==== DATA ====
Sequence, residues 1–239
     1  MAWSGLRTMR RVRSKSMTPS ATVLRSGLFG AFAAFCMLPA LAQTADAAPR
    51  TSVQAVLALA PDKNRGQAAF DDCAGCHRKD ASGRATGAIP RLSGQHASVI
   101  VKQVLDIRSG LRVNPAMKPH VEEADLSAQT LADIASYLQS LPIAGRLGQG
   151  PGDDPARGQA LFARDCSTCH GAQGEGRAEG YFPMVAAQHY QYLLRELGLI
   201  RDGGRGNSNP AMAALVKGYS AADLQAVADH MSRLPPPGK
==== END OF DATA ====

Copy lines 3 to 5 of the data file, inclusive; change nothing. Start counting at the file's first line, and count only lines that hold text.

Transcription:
    51  TSVQAVLALA PDKNRGQAAF DDCAGCHRKD ASGRATGAIP RLSGQHASVI
   101  VKQVLDIRSG LRVNPAMKPH VEEADLSAQT LADIASYLQS LPIAGRLGQG
   151  PGDDPARGQA LFARDCSTCH GAQGEGRAEG YFPMVAAQHY QYLLRELGLI